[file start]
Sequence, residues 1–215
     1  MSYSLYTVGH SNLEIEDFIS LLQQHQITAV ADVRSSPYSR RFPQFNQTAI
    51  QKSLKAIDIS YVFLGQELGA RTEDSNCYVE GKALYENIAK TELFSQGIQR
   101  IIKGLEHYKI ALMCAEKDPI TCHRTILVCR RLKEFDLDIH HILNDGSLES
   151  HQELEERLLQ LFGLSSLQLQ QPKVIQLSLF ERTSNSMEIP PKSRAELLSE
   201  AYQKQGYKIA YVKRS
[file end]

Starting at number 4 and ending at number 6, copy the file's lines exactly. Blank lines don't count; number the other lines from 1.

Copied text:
   101  IIKGLEHYKI ALMCAEKDPI TCHRTILVCR RLKEFDLDIH HILNDGSLES
   151  HQELEERLLQ LFGLSSLQLQ QPKVIQLSLF ERTSNSMEIP PKSRAELLSE
   201  AYQKQGYKIA YVKRS